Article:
Exercise

IMG_0365.JPGExercise is great for you!

If you learn to do it right, being active can actually help you manage your diabetes! If you play in a team sport, tell your coach you have diabetes, and your parents should tell the coach how to spot and deal with low blood sugar. Have candy or juice on hand with you at all times, in case you have low blood sugar, and check your blood sugar before you start.

No matter you are diabetic or not, exercise is important to you. It trains up your muscles and organs. For diabetics, exercise helps lower blood sugar level and keeps it under control.

Exercising is fun and gives you better mood, which helps you take better care of yourself. And, for many kids, the more they exercise, the less insulin they need.

You do not have to exercise a lot, 20 minutes per day will help keep your heart, cholesterol and blood pressure healthy. So start this habit and get moving now!

What kinds of exercises can I do?

There are lots of ways to exercise – it doesn’t always mean you have to go out and run many miles, join a gym or play on a sports team.

Here are some ideas for exercises:

  • Dancing with your friends
  • Interactive video games
  • Martial arts like Karate or Tae Kwon Do
  • Hiking
  • Taking a walk with your family
  • Cleaning your room or helping to do housework

Managing your diabetes

Since exercise increases your sensitivity to insulin, you have a bigger risk for a low after exercise. However, you can prevent hypoglycemia during and after exercise with a little planning. Talk with your doctor to decide whether you should change your insulin dose when you exercise.

Consider the last time you took insulin because you may be at the peak during your activity, and doing injections may put you at greater risk for a hypo.

Check your blood glucose before you exercise. If it is low, take a snack and wait until your blood sugar rises. For some people, you still have to take a snack even your blood glucose is not low. It all depends on your activity and how your body reacts to the activity.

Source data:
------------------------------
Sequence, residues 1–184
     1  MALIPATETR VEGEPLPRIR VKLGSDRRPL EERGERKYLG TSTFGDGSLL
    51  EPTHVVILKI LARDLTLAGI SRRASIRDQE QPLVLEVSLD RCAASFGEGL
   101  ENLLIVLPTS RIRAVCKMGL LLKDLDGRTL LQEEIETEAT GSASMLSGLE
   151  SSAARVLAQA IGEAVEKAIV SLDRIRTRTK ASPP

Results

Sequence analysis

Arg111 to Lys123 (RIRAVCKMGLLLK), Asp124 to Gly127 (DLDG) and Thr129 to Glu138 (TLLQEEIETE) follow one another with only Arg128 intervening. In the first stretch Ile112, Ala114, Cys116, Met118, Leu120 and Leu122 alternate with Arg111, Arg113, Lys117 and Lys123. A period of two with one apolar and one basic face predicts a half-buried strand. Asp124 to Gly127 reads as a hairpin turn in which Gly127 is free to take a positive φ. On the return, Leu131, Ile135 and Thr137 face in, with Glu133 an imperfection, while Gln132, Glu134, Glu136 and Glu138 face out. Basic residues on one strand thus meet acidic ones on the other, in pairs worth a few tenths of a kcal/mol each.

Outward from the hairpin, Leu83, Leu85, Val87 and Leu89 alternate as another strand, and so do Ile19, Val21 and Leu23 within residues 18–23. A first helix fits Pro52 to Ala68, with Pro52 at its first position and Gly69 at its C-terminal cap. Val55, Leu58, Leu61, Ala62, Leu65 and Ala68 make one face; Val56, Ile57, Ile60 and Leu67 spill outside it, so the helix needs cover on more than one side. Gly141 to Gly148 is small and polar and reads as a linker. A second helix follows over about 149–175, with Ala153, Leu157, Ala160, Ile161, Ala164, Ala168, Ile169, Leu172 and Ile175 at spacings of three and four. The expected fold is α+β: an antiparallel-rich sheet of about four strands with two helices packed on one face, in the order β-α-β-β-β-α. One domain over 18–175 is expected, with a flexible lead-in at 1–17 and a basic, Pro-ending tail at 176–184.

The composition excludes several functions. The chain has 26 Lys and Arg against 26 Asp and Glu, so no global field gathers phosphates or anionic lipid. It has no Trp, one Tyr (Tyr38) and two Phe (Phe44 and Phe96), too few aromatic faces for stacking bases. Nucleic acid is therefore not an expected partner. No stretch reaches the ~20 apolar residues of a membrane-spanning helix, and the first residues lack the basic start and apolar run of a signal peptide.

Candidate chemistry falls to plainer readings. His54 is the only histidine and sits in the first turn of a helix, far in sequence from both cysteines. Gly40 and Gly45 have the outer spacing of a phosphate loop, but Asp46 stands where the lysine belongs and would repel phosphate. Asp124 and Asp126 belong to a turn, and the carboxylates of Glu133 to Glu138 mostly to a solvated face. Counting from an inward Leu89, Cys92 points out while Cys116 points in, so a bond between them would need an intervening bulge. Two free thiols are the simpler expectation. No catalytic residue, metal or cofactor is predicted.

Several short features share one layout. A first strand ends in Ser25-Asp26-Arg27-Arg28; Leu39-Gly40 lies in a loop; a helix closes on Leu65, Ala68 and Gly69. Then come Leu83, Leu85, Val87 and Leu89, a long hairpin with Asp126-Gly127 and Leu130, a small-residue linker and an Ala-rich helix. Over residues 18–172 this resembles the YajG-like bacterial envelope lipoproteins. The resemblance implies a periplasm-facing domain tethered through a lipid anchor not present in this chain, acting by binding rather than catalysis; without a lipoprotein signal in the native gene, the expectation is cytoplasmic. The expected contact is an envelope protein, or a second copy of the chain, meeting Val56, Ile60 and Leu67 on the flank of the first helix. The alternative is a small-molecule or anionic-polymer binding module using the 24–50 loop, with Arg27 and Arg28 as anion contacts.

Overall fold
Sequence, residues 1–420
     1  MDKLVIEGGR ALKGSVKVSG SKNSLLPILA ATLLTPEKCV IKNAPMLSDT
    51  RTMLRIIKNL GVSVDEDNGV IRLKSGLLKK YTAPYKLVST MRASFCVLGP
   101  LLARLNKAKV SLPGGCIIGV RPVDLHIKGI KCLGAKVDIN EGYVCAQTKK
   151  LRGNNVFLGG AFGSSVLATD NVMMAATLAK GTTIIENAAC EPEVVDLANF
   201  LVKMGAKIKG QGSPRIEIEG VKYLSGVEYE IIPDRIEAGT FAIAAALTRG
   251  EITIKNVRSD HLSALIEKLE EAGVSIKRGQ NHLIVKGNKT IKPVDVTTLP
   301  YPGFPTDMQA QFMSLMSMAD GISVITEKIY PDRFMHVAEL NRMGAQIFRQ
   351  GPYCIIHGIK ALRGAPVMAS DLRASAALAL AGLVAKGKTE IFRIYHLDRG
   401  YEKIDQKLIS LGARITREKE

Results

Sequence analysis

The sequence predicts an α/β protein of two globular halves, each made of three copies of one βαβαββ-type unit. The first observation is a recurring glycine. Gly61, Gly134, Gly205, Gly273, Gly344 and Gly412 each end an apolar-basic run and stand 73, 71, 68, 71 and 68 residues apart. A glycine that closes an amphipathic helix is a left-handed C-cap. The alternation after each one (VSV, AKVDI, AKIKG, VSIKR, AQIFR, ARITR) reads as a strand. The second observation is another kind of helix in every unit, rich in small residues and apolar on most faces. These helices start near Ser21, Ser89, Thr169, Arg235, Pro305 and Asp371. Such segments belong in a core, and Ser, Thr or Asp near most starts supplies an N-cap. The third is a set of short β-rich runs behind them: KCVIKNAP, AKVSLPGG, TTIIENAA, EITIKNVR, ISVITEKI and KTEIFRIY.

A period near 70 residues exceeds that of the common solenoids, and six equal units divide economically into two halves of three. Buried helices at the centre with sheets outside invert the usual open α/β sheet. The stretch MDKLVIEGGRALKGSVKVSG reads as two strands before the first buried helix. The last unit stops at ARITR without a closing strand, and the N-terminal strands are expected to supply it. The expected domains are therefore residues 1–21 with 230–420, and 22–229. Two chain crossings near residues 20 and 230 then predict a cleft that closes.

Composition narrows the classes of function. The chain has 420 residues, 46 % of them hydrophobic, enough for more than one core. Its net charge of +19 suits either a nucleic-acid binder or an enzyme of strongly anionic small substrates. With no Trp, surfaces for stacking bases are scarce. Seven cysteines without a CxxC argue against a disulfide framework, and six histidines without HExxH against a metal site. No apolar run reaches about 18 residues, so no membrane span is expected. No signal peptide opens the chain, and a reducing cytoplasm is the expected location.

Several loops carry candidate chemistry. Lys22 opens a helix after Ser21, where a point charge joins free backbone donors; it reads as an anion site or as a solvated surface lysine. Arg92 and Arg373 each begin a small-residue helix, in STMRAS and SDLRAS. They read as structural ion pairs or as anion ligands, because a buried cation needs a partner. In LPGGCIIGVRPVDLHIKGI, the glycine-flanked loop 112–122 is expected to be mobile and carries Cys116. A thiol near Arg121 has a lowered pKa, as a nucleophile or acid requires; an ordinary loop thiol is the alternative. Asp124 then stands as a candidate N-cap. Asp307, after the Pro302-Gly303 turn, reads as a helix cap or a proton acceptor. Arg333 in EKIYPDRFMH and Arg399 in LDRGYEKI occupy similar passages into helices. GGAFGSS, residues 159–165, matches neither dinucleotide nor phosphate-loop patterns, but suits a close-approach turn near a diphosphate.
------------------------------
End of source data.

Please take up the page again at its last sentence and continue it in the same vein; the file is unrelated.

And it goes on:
If it’s extremely high, check for ketones. If ketones are present, don’t exercise. If you have ketones and exercise, your ketones levels may get even higher and you could develop diabetic ketoacidosis.

Keep a bag of supplies close by. You should include snacks for both cases of hypoglycemia and hypoglycemia, for example:

  • Glucose tablets
  • Hard candy
  • Juice boxes
  • Crackers and cheese/ Granola bar/ Other healthy snacks
  • A big bottle of water
  • Blood glucose meter and supplies

If you have been exercising for more than an hour, remember to take a short break, eat a snack and check your blood sugar level.

Keep checking your blood glucose after exercises. This is important because the effects of exercise on your blood glucose can last for up to 24 hours.

Let your teammates, coach know about your situation, tell them the signs when you start to go low, and also what to do to help you.

Always wear your medical ID bracelet/necklace (call HKJDA if you don’t have one!)

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